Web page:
Allen
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Allen
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post #21 of 151
If it was a matter of public safety, then drinking and having even the remote possibility of driving wouldn't be allowed at all. But that is to deep of an answer for most, especially a public official.
post #22 of 151
Quote:
Originally Posted by Leithal View Post

This isn't about child porn, it's about publically available information that is legal to have and legal to share. Dodging searches is different than actively committing a crime.

People have the information... it is valuable... they will find a way to sell it.

You're missing my point, but I don't know how to articulate it any more clearly.
post #23 of 151
Quote:
Originally Posted by bfulda View Post

If it was a matter of public safety, then drinking and having even the remote possibility of driving wouldn't be allowed at all. But that is to deep of an answer for most, especially a public official.

I don't understand your point. Are you suggesting drunks have their limbs removed by the bartender? :P
post #24 of 151
Quote:
Originally Posted by AllenRockwell View Post

I want this app. I do not drink and I'm tired of being delayed waiting in line as irresponsible people are getting checked and arrested ahead of me.

If cops were really concerned about drunk driving they would park outside every bar in America and test the drunks as they come stumbling out and therefore prevent drunk driving. ... but where is the financial profit in that?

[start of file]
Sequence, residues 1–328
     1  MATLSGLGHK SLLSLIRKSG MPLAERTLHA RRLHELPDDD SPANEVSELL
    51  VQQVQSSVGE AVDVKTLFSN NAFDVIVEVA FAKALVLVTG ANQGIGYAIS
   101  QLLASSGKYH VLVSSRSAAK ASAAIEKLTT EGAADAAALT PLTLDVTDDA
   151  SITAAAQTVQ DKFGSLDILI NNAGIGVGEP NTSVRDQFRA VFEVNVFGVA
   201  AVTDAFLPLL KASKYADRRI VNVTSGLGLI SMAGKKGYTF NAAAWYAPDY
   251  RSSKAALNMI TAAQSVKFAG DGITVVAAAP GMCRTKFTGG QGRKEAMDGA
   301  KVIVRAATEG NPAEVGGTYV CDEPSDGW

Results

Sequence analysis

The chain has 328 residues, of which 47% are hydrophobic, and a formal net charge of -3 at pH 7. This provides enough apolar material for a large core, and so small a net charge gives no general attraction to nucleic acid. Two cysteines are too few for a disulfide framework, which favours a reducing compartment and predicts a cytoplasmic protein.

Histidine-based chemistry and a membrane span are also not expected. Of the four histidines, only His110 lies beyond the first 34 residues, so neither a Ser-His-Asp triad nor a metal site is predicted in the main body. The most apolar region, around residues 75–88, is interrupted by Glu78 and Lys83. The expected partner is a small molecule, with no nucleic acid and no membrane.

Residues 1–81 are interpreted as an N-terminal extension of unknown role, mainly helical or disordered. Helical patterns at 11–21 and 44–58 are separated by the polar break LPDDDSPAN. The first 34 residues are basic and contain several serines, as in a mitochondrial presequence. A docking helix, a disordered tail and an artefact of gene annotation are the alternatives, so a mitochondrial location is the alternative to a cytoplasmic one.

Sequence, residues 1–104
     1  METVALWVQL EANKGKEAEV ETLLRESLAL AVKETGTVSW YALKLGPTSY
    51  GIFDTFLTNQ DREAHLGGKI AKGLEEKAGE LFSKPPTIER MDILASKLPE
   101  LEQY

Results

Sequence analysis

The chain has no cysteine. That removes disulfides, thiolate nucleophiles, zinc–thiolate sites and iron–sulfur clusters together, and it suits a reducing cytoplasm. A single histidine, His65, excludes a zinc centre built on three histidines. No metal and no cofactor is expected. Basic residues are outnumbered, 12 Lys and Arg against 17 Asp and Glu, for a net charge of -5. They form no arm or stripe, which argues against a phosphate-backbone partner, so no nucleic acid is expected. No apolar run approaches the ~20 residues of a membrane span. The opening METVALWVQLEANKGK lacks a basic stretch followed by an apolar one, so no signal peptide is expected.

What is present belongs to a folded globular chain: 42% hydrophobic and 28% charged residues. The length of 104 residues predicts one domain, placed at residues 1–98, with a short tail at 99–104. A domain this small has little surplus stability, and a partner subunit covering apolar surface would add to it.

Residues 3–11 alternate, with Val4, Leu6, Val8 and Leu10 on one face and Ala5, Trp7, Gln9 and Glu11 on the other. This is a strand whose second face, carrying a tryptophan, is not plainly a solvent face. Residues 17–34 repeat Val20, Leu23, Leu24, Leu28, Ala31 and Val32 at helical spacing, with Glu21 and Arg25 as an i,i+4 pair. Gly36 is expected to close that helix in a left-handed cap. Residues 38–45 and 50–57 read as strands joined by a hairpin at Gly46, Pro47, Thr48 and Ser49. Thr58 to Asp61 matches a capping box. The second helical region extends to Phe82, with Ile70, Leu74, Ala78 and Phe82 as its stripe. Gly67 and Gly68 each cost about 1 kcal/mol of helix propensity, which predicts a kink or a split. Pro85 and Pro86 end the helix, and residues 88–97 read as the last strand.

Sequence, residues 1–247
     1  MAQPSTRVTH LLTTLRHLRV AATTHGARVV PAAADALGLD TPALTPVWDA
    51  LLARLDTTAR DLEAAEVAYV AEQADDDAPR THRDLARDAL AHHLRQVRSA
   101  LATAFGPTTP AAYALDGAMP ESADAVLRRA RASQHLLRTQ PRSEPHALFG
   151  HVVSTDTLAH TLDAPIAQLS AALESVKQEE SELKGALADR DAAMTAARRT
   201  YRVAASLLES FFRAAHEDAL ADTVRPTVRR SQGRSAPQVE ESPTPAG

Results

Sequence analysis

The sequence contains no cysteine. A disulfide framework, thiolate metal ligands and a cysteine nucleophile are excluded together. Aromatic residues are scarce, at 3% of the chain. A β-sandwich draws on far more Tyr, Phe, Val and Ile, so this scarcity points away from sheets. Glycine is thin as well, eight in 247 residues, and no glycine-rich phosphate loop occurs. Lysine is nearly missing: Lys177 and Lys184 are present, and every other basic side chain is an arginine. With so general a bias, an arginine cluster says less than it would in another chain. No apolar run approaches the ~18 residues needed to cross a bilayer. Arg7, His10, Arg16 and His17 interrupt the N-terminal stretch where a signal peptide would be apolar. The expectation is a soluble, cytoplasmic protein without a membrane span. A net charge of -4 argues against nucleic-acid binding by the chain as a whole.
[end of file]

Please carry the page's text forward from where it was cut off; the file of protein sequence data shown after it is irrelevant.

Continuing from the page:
I guess it's better to let them drive a bit and then hit them with a heavy fine once they catch them, that is if they have not already killed someone.

It just drives me crazy when I see cars leaving the parking lot at the local bar and I know most of them are drunk ... but no cop is to be seen anywhere near the place we ALL know they are coming from. We do not need a DUI checkpoint in front of a Tacobell or Mc Donnalds, we need them in the parking lots of bars.


Entrapment.
post #25 of 151
Quote:
Originally Posted by Jonamac View Post

Make it as hard as possible for people to find illegal material or material that will help them to commit a crime, and at least then your conscience is clear and there is no blood on your hands. It's a matter of principle as much as a practical matter.

Imagine the public outcry if a child was killed in a drink driving incident after the driver used an iPhone app approved by Apple to avoid police protection.

This is the argument of people who only think in the now and not of the future benefit of society. Governments at all times ALWAYS evolve into tyranny. It is happening in the USA and will continue.